Henry Side Gate Lever Action Rifle: Gun Review

A gun historian tests out the brand new Side Gate rifle and explains the past lever gun innovations necessary for Henry to get here.

The newest addition to the lineup for Henry Repeating Arms is the Side Gate Lever Action Rifle, and it's likely to be a game changer for the lever gun market.

For years, there have been countless people telling Henry that they’d buy one of their rifles in an instant—if only it had a side loading gate like other modern lever guns from Marlin or Winchester. The concept has been around for more than a century and a half, so why didn’t Henry put a gate on their guns right away? To answer that, we’ve got to look at the history of the lever action rifle.

Benjamin Tyler Henry first introduced his lever action rifle in 1860. Cartridges were loaded from the muzzle end of the gun into a magazine tube mounted under the barrel, and the spent cartridges were ejected from the top of the gun. It allowed for reliable, repeating firepower which was a huge leap forward at the time.

The rifle, which could fire as fast as a shooter could work the action and pull the trigger and held 15 rounds in the mag tube, was touted as "the gun you load on Sunday and shoot all week." In a world of single-shot breech loaders, double guns, and muzzleloaders, that was really saying something.

But the design was not without its flaws. The magazine follower had an external tab that allowed the user to push it all the way forward to the muzzle and lock it in place while opening the mag tube end for loading. But when the gun was being fired, that tab moved ever closer to the shooter as rounds were expended. This meant shooters had to execute what was sometimes called the "Henry hop," which mean moving your support hand when the tab got to it or risk shucking an empty chamber. This also meant that the gun couldn't have a handguard—shooters simply held the magazine tube and the barrel.

The long channel for the follower could allow dirt and debris get into the mag tube, and the top ejection port didn't include any kind of dust cover, allowing another entry point for crud. This is part of the reason the Henry was never issued by the U.S. military, though some units did use the gun.

henry side gate rifle
The new Henry Side Gate rifle (top) and a Winchester 1894 top ejector rifle (bottom).T. Logan Metesh

The original Henry company was taken over by Winchester Repeating Arms and they soon introduced their Model 1866 rifle—the iconic Yellow Boy. This gun utilized a newly patented design by shop foreman Nelson King, which used a side gate for loading while still ejecting from the top. This allowed for easier reloading and the addition of a protective hand guard.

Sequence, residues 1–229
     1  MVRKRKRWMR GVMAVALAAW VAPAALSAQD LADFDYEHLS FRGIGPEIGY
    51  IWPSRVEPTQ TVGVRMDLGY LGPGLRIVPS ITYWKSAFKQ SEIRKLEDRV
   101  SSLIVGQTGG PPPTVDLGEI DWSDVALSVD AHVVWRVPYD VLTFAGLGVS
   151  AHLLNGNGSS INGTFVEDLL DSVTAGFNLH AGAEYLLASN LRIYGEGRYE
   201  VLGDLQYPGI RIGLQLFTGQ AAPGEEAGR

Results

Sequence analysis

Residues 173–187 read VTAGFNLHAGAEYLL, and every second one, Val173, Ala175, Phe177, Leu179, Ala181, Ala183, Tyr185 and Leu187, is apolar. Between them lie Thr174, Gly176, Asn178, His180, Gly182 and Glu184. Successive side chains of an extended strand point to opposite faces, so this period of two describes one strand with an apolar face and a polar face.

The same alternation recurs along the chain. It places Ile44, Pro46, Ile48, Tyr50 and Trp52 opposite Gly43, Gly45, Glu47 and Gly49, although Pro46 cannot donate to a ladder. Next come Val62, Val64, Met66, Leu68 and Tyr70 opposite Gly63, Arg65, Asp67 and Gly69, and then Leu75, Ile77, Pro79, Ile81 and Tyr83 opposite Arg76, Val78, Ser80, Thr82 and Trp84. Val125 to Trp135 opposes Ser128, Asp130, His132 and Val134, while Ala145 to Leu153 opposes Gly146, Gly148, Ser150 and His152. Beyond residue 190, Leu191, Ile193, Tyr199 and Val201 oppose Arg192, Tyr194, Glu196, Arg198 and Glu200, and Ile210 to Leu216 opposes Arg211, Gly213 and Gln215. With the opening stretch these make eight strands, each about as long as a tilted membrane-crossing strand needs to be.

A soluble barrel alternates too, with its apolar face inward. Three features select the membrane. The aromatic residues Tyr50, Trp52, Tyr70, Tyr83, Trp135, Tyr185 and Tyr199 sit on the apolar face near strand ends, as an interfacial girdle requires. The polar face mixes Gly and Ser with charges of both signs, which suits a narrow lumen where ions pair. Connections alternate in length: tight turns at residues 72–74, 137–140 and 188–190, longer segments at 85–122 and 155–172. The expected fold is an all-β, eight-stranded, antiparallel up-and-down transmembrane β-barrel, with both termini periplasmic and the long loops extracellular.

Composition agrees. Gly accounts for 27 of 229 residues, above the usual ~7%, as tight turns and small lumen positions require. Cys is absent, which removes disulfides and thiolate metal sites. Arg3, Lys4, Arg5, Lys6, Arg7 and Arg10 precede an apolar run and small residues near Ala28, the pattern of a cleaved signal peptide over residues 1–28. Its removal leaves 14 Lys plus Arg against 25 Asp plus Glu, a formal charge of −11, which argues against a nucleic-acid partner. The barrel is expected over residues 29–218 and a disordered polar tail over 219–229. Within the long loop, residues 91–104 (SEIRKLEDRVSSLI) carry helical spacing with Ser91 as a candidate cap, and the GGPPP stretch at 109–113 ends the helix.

The side gate has been present on every Winchester lever action model since 1866.

Winchester’s Model 1894 has been the most popular lever gun of all time, with more than 7 million made since its introduction 125 years ago. Despite its popularity, it does have some shortcomings. The top-eject design necessitates holes to be drilled into the side of the frame to mount a scope with specialized hardware, and unfired rounds must be cycled through the action in order to unload the gun.

The new Side Gate Lever Action Rifle from Henry Repeating Arms is designed to go head-to-head with the iconic Winchester by improving some of the Winchester’s previously-mentioned shortcomings. Because modern Henry rifles have always loaded from the muzzle (though the mechanism has changed since the original Henry and the external follower is no more), they’ve always ejected from the side, like Marlin's lever guns. Henry kept this feature when they added the side gate.

henry side gate rifle  and winchester rifle
The flip-side of the Henry Side Gate and the Winchester 1894.T. Logan Metesh

This gave the gun the best aspects of both worlds. You can easily top off the magazine through the side gate and empty the gun through the magazine tube, both of which are safer than the alternatives. Of course, if you're loading a full mag tube, with practice you can do so from the muzzle end quite a bit faster than loading cartridges one-by-one through the loading gate.

The hardened brass receiver, used on several Henry models, has the same tensile strength as steel. Brass accents continue through the rifle with the buttplate and barrel band, and the American walnut furniture is set off by intricate, deep checkering. A semi-buckhorn rear and ivory bead front sight accompanies a 20″ round blued steel barrel.

And the receiver is drilled and tapped for scope bases or a rail.

the detailed engraved handguard of the henry side gate rifle
A closer look at the Henry Side Gate’s handguard.T. Logan Metesh

Available in .30-30 Winchester, .38-55 Winchester, and .35 Remington, the Henry Side Gate Lever Action Rifle is ready to take on the Winchester Model 1894 and the Marlin 1895 and give them a run for their money.

With an MSRP of $1,045, regardless of the caliber you choose, it definitely stands a chance of taking the title from Winchester in the coming decades.

Henry Side Gate Lever Action Rifle SPECS

  • CALIBER: .30-30 (also available in .38-55 and 35 Rem)
  • CAPACITY: 5 rounds
  • BARREL LENGTH: 20" – round blued steel
  • TWIST: 1:12"
  • OVERALL LENGTH: 38.3"
  • WEIGHT: 7.5 lbs.
  • RECEIVER: polished brass, drilled and tapped
  • REAR SIGHT: fully adjustable semi-buckhorn w/ diamind insert
  • FRONT SIGHT: ramp with .062" ivory bead
  • SCOPE MOUNT TYPE: Weaver 63B
  • STOCK: American Walnut w/ brass buttplate and 14" LOP
  • MSRP: $1,045